The aam aadmi — from gay activists to homemakers, businessmen to retired professionals — queued up at Metro Channel to join the AAP on Sunday, a day after Arvind Kejriwal was sworn in as Delhi chief minister.
By the time the six-hour membership drive ended, the fledgling Calcutta wing of the party had “close to 1,300” aam aadmis in its ranks. “The number of enrolment has surpassed our expectations. The germ of an idea is gradually spreading,” said Prem Chowdhury, one of the “mentors” of the Aam Aadmi Party in Bengal.
The new members belonged to a wide spectrum, mostly rank outsiders in the political rainbow but driven into it by AAP’s promise of “clean, good governance”.
“Those in the queue were the silent majority of common people chasing the dream of good governance that almost none of the political parties has succeeded in fulfilling. AAP may be a bubble but the disenchantment among the people (towards the established political set-up) is real. There is no reason to think that their numbers are low in Bengal,” said a political analyst tracking AAP’s activities in Calcutta.
Though AAP’s presence in Calcutta had been limited to online forums, SMS campaigns, street-corner meetings and talking to people on local trains, Saturday’s swearing-in of Arvind Kejriwal as the chief minister of Delhi upped the party’s Bengal sweepstakes.
Less than a week after the Delhi poll results, AAP held a rally from College Square to Dorina Crossing on December 15. “Thereafter, we have been flooded with queries from the aam aadmi about the process of joining the party. We thought organising a membership drive will be useful,” said Saroj Prasad, a member from Howrah.
The party still does not have an organised structure in the state and only recently it has opened an office on Kiran Shankar Roy Road.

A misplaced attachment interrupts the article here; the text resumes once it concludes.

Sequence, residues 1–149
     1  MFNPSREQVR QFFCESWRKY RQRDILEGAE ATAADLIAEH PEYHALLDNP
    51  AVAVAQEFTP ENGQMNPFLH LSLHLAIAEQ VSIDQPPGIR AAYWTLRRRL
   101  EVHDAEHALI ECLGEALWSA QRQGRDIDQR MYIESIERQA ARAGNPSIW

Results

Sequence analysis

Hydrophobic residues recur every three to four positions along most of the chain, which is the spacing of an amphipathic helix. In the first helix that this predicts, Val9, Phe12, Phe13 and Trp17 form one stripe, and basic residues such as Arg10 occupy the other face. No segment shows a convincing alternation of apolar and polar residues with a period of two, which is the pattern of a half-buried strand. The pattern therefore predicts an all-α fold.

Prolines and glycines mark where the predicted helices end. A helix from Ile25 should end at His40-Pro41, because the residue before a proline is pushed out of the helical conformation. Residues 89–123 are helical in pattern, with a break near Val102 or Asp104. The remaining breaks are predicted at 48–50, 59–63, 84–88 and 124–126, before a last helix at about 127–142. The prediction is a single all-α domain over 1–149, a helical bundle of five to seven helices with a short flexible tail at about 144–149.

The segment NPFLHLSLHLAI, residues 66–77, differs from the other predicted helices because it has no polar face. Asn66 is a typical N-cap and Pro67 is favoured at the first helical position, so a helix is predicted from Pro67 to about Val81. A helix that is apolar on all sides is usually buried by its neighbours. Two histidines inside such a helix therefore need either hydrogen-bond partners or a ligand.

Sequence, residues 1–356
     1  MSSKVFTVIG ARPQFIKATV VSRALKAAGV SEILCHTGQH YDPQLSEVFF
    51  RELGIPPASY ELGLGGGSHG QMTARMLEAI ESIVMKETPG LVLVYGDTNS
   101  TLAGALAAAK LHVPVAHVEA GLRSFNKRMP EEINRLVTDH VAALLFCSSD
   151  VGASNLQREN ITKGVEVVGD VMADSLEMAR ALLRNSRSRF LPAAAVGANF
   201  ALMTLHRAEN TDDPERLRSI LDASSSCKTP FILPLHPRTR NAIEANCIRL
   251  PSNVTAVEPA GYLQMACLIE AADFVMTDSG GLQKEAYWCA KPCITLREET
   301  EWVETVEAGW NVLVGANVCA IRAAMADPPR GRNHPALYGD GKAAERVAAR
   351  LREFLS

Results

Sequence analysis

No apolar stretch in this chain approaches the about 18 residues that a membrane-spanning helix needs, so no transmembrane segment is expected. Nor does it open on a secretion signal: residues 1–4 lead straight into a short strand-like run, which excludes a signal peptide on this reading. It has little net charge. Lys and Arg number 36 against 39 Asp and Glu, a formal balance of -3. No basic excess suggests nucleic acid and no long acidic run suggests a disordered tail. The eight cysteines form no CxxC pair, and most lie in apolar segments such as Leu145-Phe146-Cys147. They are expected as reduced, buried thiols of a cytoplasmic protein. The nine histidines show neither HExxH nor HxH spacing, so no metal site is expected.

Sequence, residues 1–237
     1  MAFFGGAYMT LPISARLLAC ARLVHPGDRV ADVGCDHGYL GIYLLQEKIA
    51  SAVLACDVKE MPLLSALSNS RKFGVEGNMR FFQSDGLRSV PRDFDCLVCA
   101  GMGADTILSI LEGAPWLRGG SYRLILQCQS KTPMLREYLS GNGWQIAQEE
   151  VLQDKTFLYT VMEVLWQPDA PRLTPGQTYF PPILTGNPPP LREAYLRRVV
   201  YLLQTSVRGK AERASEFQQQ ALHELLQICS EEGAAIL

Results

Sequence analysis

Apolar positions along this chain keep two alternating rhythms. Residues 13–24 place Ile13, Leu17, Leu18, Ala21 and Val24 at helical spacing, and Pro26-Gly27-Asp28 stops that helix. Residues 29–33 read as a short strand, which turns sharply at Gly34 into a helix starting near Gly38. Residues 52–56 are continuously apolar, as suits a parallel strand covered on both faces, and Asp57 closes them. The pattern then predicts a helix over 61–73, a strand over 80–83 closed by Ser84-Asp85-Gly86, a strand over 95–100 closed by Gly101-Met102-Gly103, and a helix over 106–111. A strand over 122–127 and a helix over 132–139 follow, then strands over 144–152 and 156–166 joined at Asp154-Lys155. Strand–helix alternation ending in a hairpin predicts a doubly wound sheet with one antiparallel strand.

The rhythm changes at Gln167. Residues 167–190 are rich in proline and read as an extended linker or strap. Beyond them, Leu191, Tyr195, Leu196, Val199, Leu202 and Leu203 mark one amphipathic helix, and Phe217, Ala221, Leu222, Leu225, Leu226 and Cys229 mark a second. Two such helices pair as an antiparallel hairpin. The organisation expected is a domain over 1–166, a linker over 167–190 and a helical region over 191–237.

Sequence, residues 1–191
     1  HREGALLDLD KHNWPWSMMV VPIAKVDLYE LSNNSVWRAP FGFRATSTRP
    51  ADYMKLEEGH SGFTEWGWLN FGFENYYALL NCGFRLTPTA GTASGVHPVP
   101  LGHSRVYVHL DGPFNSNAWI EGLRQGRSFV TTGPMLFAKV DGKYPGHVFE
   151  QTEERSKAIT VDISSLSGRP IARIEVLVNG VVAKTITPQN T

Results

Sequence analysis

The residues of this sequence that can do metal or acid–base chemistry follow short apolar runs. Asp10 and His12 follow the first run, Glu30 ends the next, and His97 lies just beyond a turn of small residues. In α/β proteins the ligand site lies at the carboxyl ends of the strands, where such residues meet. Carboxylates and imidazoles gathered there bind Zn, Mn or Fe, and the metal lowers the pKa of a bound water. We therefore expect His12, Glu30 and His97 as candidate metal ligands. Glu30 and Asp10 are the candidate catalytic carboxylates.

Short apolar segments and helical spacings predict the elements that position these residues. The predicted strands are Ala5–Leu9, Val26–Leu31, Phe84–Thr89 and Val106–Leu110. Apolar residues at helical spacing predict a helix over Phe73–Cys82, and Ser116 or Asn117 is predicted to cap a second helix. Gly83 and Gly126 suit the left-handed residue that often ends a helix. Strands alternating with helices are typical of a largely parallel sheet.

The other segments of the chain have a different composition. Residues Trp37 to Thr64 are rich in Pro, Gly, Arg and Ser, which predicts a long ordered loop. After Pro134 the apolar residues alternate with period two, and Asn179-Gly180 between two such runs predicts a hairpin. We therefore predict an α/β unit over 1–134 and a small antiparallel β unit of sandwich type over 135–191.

“Give us some time to take our message to the interiors. It may not be that very huge a number (Sunday’s enrolment) but is there any instance in Bengal’s history when so many people have come on their own to become a member of a political party?” Chowdhury countered when confronted with the question of numbers.
“We opted for an online membership drive because it guarantees transparency. Our seniors in Delhi will monitor each and every form,” said Ranjana Singh, AAP member and one of the organisers of the drive.
She and other members, sporting the trademark aam aadmi topi, worked on four laptops and printers from 11am — barely getting time to lift fingers from keyboard and pop their knuckles till 5pm. “So many people are in the queue and many more are on their way. A busy day ahead, indeed,” said Ranjana around midday.
The aam aadmi wannabes had to provide contact details, email ID and information about their vocation along with Rs 10 to become a primary member. They got printed receipt in return as proof of the membership.
If those who lined up looked distinctly different from the faces at a Trinamul or Left rally, many AAP hopefuls on Sunday had reservations about the new party too.
“Political parties make tall promises but seldom keep them once they come to power. Power overshadows ethics,” said Ravi Pandey of Kankurgachhi. Despite his doubts, he joined the party at the end of the day.
Works in a private company
If anybody approaches me for my views and ideas, I will be glad to share with them. There is a lot of scope in doing work for the aam aadmi.
Sangita Sonthalia and Ritu Sonthalia (sisters-in-law)
Home makers from Phulbagan
For the first time we have stepped out of our houses to participate in an activity like this because Arvin Kejriwal and his ethics have inspired us in a big way.
I am joining to represent the LGBT community I belong to. I believe we will get Arvind ji’s support
All the mainstream political parties have failed the common people. We must give Arvind Kejriwal an opportunity. He has been working for the aam aadmi for over a decade.